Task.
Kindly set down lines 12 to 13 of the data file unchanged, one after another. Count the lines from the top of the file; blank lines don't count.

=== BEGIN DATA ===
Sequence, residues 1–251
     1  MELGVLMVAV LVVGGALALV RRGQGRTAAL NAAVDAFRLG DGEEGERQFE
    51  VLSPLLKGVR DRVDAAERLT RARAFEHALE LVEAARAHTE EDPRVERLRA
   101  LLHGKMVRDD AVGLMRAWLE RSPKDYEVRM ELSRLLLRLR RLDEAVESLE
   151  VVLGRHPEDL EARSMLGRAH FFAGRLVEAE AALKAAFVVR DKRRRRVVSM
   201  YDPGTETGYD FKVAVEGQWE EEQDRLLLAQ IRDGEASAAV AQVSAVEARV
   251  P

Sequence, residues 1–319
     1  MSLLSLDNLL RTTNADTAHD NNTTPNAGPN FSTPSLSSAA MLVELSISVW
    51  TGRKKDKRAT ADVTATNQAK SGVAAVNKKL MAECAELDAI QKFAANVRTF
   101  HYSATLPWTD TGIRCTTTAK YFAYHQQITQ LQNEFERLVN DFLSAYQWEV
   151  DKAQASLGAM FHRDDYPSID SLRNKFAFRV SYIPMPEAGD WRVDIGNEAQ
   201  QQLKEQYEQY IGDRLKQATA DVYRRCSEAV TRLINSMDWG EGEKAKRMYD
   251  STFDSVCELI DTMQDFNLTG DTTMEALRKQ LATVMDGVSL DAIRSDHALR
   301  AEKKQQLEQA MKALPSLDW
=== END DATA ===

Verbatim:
   151  DKAQASLGAM FHRDDYPSID SLRNKFAFRV SYIPMPEAGD WRVDIGNEAQ
   201  QQLKEQYEQY IGDRLKQATA DVYRRCSEAV TRLINSMDWG EGEKAKRMYD